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Sagging can also occur at the roof. Our roof sags over the dinette because of the weight of the wrap-around upper cabinets. We're planning to replace our cabinets, and will build new supports into the walls and across the ceiling so the cabinets don't make the roof sag.

Most of the window operators on our trailer need to be repaired or replaced. The windows have simply been opened and closed so many times the hardware has worn out.

Another issue is wiring and plumbing. The plumbing in our Surfside is pretty basic, so no problems there, but the AC wiring one of the previous owners did looks like it was done by an untrained teenager. I will have to completely re-do all the 110V AC wiring.

There are probably other Surfside issues you should be aware of, too. These are just the ones we came across with our trailer.

I know this sounds drastic, but the truth of the matter is we bought a thirty-plus year old trailer that needs a little TLC to make it good again, and since we wanted to re-work the floorplan anyway, we were fine with that. You can save some serious money by buying an older trailer, but you'll need to invest some of that savings back into the trailer in terms of repairs.

Good luck!
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Old 01-18-2009, 11:55 AM   #5
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Thank you, everyone for the information I've learned alot already, you all have been very helpfull. Not sure if I'm going to pursue this surfside as it doesn't sound as good as a Trillium. I wonder what type of fiberglass trailer has the best ratings for quality. hmmmm?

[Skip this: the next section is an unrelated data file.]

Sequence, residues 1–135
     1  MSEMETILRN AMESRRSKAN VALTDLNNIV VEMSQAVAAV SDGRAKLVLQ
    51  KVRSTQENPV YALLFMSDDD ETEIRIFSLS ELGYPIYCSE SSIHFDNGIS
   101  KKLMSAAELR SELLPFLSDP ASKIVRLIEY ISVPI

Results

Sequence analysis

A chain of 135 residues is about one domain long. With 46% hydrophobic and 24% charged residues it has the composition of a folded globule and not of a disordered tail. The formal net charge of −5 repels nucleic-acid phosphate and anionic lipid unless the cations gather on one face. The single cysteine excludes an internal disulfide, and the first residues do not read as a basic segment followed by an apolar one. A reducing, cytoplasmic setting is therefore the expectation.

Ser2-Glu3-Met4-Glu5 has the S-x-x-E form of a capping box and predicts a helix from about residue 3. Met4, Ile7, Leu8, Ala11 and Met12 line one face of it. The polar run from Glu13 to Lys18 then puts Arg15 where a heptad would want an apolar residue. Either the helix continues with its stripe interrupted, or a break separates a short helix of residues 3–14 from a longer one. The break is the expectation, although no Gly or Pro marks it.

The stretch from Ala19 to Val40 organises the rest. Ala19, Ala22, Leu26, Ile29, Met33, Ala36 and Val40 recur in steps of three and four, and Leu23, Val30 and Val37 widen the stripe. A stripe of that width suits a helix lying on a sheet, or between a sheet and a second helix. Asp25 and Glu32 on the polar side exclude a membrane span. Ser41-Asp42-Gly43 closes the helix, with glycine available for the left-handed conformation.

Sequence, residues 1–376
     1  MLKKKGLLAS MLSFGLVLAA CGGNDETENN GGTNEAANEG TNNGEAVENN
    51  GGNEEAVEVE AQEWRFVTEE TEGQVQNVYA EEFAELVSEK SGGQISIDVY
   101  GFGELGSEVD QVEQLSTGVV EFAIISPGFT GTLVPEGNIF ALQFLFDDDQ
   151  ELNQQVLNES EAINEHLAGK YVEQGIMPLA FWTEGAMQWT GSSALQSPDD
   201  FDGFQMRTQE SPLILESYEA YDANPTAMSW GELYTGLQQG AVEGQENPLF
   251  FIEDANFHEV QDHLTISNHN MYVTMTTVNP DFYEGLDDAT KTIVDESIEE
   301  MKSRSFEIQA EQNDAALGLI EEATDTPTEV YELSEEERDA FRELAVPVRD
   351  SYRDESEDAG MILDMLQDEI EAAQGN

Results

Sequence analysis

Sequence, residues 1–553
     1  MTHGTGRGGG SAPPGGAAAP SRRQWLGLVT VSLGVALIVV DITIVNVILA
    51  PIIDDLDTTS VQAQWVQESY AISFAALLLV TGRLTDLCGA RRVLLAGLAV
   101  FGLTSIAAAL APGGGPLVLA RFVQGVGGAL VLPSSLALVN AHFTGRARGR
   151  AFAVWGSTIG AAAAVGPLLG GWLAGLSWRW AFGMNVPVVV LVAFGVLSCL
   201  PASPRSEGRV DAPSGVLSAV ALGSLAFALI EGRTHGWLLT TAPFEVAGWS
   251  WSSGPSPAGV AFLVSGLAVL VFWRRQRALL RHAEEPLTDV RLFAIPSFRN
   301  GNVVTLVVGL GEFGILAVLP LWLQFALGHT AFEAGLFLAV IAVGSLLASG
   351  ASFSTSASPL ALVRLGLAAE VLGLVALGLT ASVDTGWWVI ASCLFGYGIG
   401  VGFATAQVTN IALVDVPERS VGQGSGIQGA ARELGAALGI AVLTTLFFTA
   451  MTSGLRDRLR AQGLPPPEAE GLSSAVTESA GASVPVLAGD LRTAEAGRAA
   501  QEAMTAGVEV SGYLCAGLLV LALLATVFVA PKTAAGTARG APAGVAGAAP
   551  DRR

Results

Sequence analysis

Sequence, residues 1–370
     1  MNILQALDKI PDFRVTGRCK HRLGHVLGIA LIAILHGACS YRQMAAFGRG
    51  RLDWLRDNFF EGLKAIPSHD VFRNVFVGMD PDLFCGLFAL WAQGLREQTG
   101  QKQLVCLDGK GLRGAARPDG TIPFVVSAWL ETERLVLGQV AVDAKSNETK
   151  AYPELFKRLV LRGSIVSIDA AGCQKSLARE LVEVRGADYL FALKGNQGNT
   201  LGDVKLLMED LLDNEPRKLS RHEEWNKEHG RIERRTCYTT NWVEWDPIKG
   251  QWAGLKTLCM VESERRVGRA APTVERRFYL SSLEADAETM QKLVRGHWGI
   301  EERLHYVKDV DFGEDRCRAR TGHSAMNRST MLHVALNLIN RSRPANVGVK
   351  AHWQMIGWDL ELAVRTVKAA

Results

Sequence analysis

cheers, Deb
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Old 01-18-2009, 12:15 PM   #6
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Honestly, I think anything that has lasted 30 years+ can be called a quality product. In the end it may be the condition of the trailer that will matter most to you. Are you prepared to take on a major reno job or do you just want to go and camp.

All the trailers have advantages/disadvantages. For example, the Trilliums had an all fiberglass interior included floor and cabinets. This great from a maintenance point of view, no so great if you want to modify the interior. I like the height of the Trillium but it both causes more air drag and costs more on our BC Ferries then a Boler.

In the end the added interior height and all the windows are what made us choose a Trillium over the Boler's and Scamp's in our area.

Saying that, if you have the money maybe you should consider a new Escape trailer - you will find nothing but accolades for the quality of their products =)
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Old 02-05-2009, 01:26 PM   #7